Traffic congestion is a growing problem in most cities. A new study by the Texas A&M Transportation Institute finds that in 2017, congestion cost Americans $166 billion, or more than $1,000 per commuter each year in wasted time and fuel. This represents nearly a 47
Here at The Center for Growth and Opportunity, we have a unique way of confronting challenges. Relentless optimism. Bold commitment. Fearless innovation. We want to leave the world a better place than when we got here. Whether it’s our award-winning students, or our world-class researchers, we look to work together to find creative solutions to today’s most pressing issues. We’re committed to turning ideas into action.
Staking a claim in the public debate over facial recognition software, presidential hopeful Sen. Bernie Sanders (I-Vt.) has called for a ban on police use of the technology. While cities like San Francisco, Oakland, Calif., and Somerville, Mass. have already banned
Recently, Sen. Tom Udall (D-N.M.) presented a plan to eliminate carbon emissions in the country by 2050. The bill would implement a national renewable energy standard, similar to renewable portfolio standards that currently exist in 35 states and the District of
One out of four people today requires a government license to earn an honest living. In 1950, that number was only one out of 20. Occupational licensing — regulations that require training and state-issued certification to practice certain trades — has seen massive
CGO Research Director Megan E. Hansen talked about her new policy paper, Executive Discretion and the Antiquities Act, and shared suggestions for how to improve public lands management on C-SPAN’s Washington Journal morning program.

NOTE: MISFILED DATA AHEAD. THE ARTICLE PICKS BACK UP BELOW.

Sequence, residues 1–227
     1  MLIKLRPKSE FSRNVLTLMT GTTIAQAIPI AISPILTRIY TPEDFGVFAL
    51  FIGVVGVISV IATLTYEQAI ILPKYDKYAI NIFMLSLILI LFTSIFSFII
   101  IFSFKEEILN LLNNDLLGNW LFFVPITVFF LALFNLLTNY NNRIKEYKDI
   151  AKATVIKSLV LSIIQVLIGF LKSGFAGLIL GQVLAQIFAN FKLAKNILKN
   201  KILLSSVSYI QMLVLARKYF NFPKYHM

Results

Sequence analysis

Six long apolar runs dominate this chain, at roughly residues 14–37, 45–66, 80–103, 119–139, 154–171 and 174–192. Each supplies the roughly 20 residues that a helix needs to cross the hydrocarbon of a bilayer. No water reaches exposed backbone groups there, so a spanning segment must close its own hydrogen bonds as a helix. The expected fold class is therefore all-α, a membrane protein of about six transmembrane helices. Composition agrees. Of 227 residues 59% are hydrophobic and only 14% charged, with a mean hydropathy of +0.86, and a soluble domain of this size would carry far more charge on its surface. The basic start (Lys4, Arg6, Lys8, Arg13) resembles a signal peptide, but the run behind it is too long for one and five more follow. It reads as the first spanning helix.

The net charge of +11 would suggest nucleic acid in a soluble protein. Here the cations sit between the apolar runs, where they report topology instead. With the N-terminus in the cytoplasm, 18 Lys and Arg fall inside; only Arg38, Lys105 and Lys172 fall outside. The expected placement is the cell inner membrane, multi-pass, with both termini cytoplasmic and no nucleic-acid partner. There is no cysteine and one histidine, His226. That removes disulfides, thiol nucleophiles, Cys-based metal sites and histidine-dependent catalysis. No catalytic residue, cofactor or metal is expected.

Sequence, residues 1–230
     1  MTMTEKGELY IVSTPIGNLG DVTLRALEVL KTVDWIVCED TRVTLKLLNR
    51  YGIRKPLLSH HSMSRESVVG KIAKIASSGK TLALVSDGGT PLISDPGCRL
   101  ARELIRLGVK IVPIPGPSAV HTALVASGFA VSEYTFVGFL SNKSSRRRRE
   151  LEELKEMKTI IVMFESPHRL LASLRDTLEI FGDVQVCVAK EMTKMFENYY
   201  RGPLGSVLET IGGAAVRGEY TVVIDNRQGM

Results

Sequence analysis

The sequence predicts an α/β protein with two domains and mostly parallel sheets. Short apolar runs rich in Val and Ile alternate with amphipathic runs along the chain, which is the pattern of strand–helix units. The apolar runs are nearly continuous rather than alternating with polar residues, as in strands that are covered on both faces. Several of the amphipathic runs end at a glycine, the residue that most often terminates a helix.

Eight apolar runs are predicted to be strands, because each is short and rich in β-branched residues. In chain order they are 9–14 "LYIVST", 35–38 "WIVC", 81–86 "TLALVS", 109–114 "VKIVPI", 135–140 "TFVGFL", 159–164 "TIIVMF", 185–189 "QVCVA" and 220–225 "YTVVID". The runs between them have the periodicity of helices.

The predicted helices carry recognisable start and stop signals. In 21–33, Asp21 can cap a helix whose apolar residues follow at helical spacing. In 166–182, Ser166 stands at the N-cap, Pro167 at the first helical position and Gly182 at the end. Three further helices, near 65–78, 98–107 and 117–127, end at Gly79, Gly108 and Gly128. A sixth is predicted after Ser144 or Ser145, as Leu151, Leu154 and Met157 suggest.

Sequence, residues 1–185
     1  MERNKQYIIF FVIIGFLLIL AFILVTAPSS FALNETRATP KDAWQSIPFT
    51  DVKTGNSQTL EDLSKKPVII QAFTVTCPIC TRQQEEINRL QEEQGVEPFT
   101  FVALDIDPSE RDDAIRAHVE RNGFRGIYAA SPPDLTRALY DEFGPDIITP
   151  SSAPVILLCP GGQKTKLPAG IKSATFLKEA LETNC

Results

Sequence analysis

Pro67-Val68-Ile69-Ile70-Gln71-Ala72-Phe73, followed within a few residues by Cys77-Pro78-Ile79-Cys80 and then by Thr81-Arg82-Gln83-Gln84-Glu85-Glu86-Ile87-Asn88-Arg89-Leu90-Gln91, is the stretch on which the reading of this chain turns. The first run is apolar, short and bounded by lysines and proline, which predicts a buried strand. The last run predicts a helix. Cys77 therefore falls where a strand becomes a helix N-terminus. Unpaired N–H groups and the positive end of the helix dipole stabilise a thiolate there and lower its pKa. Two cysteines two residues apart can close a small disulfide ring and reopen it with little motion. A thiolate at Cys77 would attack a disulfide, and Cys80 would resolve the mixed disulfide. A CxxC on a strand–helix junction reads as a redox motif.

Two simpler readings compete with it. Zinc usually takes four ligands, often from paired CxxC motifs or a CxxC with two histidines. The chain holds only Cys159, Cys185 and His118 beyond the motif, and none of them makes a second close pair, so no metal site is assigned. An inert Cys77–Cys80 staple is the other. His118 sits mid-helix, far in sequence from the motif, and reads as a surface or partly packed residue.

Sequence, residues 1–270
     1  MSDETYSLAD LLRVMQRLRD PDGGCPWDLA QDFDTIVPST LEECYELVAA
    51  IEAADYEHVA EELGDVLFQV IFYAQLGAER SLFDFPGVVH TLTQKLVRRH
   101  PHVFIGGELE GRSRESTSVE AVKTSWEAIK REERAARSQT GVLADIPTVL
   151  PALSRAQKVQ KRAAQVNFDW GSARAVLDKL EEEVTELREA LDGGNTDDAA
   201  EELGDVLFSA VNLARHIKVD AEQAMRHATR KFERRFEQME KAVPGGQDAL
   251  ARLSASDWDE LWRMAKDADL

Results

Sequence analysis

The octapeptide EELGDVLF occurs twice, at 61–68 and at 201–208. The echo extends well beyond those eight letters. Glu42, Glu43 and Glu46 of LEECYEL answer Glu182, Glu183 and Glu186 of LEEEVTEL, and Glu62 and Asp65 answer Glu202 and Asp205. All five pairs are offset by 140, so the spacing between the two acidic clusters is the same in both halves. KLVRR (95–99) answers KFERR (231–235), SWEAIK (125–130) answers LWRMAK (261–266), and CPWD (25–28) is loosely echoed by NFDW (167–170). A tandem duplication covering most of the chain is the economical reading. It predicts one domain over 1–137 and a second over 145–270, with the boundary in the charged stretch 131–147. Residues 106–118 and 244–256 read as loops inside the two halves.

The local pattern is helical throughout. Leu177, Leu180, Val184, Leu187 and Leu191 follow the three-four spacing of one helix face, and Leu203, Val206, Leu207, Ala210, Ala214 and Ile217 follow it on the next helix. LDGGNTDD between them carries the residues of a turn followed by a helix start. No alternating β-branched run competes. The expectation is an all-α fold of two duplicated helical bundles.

If all you knew of America’s biggest tech companies was what emerges from the echo chambers and grandstanding that is Washington, D.C. political chatter, you’d likely have grave concerns about their collective future. Perhaps you are concerned. After all, if one thing
Megan E. Hansen, CGO Research Director, discusses what can be done to balance national land and public need. See original posting from The Lars Larson Show.
In their first meeting late last month, a group of 16 legislators, tax attorneys, and members of the governor’s office formally began studying Utah’s tax system to make recommendations to Utah’s legislature that will both ensure stable sources of revenue for the state
Christopher Koopman, Executive Director, talks with American Radio Journal’s Lowman Henry about the impact on consumers of anti-trust actions against big tech firms. See original posting from American Radio Journal.
Photo: Francisco Kjolseth/The Salt Lake Tribune via AP For generations, Bruce Adams and his family have lived off the land by grazing cattle in southeastern Utah. When President Obama designated 1.35 million acres as Bears Ears National Monument
A recent study released by the American Public Power Association (APPA) concludes that, “between 1997 and 2018, increases in retail electric prices in states with deregulated electric markets and regulated states were about the same, though with a slightly higher
CGO Research Manager Brian Isom was a guest on the Next Round podcast of the Pacific Research Institute. He discusses why the Paradise and Napa Valley fires were so destructive, why devastating wildfires are becoming much more common in the West, the political
On June 9, 2019, Dr. Robert Krol of California State University, was a guest on Economics Detective Radio to discuss the policy paper he wrote for The Center for Growth and Opportunity at Utah State University titled Can we Build our way out of Urban Traffic
Protecting national parks is vital. Ensuring park managers have the ability to respond to market signals is equally vital. CGO Research Director Megan Hansen and Undergraduate Research Fellow Rebekah Yeagley examine how proposals to eliminate entry fees will affect